ABSTRACT: In his essay "Could Kant Have Been a Utilitarian?", R. M. Hare tries to show that Kant's moral theory contains utilitarian elements and it can be properly asked if Kant could have been a utilitarian, though in fact he was not. I take seriously Hare's challenge to the standard view because I find his reading on the whole reasonable enough to lead to a consistent interpretation of Kant's moral philosophy. Still, I hardly believe that it is necessarily concluded from Hare's reading that Kant could have been a utilitarian. In this paper, I will first show that Hare's interpretation of 'treating a person as an end' as treating a person's ends as our own is reasonable, and so is his reading of 'willing our maxim as a universal law' and 'duties to oneself,' which is based on that interpretation. Then I will argue that Kant couldn't be a utilitarian despite the apparently utilitarian elements in his theory because caring about others' ends (of which happiness is the sum) is a duty. This is so, in Kant's view, not because happiness is valuable in itself, but because it is the sum of those ends set freely by each rational human being who is valuable in itself, that is, an end in itself.
In his essay "Could Kant Have Been A Utilitarian?", (1) R.M. Hare, analyzing Kant's text, tries to show that Kant's moral theory contains utilitarian elements and it can be properly asked whether Kant could have been a utilitarian though he was in fact not. I take his challenge to the standard view seriously not because it is made by the celebrated moral philosopher but because I find Hare's reading of Kant's text on the whole reasonable enough to lead to a consistent interpretation of Kant's moral philo...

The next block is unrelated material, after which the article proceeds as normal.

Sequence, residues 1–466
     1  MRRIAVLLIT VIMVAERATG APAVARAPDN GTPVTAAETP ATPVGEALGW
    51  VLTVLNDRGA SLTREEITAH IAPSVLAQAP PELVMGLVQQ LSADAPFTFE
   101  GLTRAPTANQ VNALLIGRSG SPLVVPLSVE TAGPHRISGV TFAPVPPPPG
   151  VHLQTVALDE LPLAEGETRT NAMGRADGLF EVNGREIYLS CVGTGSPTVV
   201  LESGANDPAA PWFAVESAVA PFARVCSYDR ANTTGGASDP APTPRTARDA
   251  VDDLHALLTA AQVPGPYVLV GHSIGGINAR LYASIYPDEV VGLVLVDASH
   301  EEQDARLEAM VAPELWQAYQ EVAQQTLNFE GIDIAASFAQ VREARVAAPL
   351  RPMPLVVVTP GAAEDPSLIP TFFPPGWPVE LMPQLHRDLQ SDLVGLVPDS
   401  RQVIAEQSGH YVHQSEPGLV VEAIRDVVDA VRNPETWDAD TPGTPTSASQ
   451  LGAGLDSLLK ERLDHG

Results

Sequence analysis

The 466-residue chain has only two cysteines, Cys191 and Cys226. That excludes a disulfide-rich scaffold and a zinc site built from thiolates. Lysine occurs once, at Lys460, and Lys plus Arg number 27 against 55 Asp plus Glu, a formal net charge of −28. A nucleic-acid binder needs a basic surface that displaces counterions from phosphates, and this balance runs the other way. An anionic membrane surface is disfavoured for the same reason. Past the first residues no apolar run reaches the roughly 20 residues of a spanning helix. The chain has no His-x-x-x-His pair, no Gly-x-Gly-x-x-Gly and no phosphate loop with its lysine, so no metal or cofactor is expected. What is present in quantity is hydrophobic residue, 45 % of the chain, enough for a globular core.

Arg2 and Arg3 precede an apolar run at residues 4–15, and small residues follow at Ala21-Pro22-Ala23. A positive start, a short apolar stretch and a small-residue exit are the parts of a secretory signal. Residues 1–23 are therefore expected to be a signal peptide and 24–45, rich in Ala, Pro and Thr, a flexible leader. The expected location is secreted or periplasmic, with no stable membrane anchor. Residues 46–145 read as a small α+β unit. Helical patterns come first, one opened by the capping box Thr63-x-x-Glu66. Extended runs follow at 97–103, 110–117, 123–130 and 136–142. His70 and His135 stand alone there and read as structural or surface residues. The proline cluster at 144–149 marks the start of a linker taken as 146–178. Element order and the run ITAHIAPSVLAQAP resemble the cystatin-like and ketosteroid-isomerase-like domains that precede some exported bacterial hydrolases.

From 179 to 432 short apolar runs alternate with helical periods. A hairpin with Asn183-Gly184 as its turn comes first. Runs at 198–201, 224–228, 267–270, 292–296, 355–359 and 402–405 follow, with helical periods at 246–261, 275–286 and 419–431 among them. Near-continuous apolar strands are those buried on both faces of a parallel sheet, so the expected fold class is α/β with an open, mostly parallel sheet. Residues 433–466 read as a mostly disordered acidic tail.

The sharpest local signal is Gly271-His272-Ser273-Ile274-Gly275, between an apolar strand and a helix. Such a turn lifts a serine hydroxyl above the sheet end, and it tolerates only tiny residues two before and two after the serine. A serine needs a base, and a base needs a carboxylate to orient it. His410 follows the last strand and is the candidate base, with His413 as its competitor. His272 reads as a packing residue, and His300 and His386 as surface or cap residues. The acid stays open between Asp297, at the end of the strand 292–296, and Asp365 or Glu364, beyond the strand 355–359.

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... fuer Philosophie), 1991.
(3) T. Terada, op.cit.; J. Murphy, Kant: The Philosophy of Right, MacMillan, 1970.
(4) H.J. Paton, The Categorical Imperative, Pennsylvania U.P., 1971.
(5) T. Terada, "'Universal Principle of Right' as the Supreme Principle of Kant's Practical Philosophy", in: Proceedings of the 8th International Kant Congress, 1995.
(6) T. Terada, "Kanto ni okeru Jiko ni taisuru Gimu no Mondai (The Problem of 'Duties to Oneself' in Kant)", Tetsugaku (The Philosophy) 46, 1995; T. Nitta,"Fuhenkakanosei to Sogo-shutaisei (Universal-izability and Intersubjectivity)", in: Aichi Kenritsu Daigaku ronshu 35, 1986.
(7) T. Terada, "'Universal Principle of Right' as the Supreme Principle of Kant's Practical Philosophy"; P. Guyer, "Kant's Morality of Law and Morality of Freedom", in Dancy (ed.), op.cit.
(8) W.K. Frankena, Ethics, Prentice-Hall, 1973.
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